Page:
Election 2020 Georgia

Georgia Secretary of State Brad Raffensperger speaks during a news conference on Wednesday, Nov. 11, 2020, in Atlanta.

(The Center Square) – Georgia Secretary of State Brad Raffensperger is calling on the U.S. Department of Justice to investigate Fulton County’s embattled elections office after employees allegedly shredded hundreds of voter applications.

Fulton County Registration and Elections Director Richard Barron fired two employees last week after allegations they destroyed the applications. Raffensperger’s office said 300 voter applications were shredded in the Fulton County office, which is violation of state law.

Georgia law requires election officials to keep primary or general elections documents for 24 months after the election. Election officials reported the incident to Fulton County District Attorney Fani Willis and the Secretary of State’s Office of Investigations.

Raffensperger now wants a full review of the county’s history of election problems by DOJ officials.

“After 20 years of documented failure in Fulton County elections, Georgians are tired of waiting to see what the next embarrassing revelation will be,” Raffensperger said. “The Department of Justice needs to take a long look at what Fulton County is doing and how their leadership disenfranchises Fulton voters through incompetence and malfeasance.”

University of Georgia Professor Charles Bullock said Fulton has a history of long lines to vote and delays in reporting elections results. The majority-Democrat county became a focus of fraud allegations after the 2020 presidential election because of its track record.

The Georgia State Election Board voted in August, under the state’s new voting law, to assign a three-person panel to conduct review of Fulton County's elections, which could lead to replacement of the elections director.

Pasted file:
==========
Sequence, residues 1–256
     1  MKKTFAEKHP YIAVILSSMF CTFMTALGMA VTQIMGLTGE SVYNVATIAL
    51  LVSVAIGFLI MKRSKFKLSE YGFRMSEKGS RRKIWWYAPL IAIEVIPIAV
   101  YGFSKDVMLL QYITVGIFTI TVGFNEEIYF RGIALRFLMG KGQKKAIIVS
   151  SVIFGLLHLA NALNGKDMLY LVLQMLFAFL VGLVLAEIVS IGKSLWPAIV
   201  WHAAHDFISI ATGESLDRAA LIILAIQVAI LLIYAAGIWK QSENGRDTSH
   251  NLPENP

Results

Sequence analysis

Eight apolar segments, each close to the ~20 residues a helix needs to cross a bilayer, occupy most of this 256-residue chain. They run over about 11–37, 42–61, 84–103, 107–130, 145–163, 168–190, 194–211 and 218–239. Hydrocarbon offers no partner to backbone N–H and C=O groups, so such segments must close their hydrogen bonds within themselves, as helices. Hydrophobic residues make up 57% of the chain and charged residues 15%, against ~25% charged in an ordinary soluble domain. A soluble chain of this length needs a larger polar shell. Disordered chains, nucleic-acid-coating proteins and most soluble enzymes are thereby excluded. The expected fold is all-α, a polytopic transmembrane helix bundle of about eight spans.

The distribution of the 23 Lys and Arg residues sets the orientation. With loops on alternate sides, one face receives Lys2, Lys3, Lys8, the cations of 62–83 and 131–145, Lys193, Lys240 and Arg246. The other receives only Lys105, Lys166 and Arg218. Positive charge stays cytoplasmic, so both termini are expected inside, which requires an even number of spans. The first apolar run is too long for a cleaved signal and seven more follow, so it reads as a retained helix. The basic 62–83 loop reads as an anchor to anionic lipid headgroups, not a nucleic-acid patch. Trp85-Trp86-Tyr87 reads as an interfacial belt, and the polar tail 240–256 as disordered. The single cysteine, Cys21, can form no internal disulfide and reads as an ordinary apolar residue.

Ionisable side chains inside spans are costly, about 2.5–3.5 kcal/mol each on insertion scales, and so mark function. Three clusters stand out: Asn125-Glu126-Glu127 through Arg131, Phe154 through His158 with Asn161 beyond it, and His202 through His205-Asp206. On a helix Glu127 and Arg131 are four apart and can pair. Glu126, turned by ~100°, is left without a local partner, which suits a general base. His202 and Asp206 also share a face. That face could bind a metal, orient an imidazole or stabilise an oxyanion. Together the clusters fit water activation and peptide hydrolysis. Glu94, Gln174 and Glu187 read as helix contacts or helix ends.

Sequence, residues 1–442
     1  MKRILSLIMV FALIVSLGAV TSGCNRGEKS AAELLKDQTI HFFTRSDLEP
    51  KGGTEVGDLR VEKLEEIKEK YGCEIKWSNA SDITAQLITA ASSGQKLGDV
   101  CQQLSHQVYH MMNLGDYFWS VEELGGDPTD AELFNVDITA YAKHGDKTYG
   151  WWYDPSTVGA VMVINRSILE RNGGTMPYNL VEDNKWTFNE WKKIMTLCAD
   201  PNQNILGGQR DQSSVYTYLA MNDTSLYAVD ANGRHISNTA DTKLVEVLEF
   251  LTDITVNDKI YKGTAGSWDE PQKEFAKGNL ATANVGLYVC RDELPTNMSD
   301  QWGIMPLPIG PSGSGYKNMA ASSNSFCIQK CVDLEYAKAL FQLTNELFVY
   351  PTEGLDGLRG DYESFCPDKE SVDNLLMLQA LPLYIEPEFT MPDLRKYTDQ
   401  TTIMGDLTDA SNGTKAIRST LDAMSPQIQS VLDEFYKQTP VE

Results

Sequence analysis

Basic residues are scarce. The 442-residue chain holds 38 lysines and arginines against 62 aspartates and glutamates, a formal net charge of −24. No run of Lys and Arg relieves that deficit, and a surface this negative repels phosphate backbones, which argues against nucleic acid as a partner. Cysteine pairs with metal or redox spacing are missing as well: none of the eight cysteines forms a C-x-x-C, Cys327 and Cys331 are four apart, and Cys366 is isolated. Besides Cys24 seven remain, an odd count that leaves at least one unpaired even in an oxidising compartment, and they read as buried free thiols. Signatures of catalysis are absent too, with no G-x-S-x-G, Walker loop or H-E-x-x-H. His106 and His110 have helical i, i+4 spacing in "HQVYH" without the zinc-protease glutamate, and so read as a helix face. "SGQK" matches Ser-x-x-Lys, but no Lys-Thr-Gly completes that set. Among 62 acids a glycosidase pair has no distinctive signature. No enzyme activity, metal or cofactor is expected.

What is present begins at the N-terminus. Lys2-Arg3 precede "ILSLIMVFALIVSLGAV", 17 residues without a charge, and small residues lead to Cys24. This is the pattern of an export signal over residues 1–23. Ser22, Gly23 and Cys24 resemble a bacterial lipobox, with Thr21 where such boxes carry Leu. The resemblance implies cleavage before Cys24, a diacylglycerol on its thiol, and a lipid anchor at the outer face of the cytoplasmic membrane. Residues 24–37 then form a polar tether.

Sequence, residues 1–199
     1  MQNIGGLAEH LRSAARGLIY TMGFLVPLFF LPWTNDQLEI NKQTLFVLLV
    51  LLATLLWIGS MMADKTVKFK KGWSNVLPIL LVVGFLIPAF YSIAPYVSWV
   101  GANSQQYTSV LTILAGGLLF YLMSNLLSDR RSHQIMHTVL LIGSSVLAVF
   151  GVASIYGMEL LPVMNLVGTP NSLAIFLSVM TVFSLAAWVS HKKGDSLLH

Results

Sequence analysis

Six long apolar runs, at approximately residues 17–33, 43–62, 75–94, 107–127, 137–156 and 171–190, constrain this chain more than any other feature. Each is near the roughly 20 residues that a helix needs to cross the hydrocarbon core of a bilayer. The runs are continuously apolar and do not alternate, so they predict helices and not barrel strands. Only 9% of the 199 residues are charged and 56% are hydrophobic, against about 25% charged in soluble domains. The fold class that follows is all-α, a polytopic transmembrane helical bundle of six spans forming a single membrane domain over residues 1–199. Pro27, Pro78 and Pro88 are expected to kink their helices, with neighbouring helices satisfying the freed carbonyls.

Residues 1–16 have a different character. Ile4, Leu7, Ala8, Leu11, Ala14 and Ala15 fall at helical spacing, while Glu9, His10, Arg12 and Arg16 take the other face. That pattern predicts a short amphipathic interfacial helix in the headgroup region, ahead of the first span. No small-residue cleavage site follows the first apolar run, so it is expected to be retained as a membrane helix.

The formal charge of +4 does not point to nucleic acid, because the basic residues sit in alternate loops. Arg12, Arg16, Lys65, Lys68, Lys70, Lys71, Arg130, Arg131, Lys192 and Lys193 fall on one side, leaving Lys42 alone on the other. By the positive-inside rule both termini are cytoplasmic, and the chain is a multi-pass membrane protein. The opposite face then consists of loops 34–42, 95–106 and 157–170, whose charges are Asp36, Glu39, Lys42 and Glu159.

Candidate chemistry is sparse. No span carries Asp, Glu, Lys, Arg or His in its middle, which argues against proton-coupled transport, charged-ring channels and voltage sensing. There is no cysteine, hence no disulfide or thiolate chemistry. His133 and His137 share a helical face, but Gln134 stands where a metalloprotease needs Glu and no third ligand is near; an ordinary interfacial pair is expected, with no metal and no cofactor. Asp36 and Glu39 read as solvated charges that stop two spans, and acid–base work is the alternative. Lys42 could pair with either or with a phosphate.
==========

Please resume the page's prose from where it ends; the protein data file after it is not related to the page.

Raffensperger also required Fulton County to agree to a consent order to accept a state-appointed monitor to oversee its elections processes. Raffensperger’s office said the monitor did not find fraud but said Fulton elections “were badly managed, sloppy and chaotic.”

Fulton County officials said the terminated employees may have checked out batches of applications that were received within the last two weeks for processing, but instead of fully processing them, the employees allegedly shredded some of the forms. Other employees reported it to their supervisor Friday, and the employees were fired the same day, officials said.

Fulton County is one of several Georgia counties holding municipal elections Nov. 2. Early voting started in Georgia on Tuesday and ends on Oct. 29. 

Staff Reporter

Nyamekye Daniel has been a journalist for five years. She was the managing editor for the South Florida Media Network and a staff writer for The Miami Times. Daniel's work has also appeared in the Sun-Sentinel, Miami Herald and The New York Times.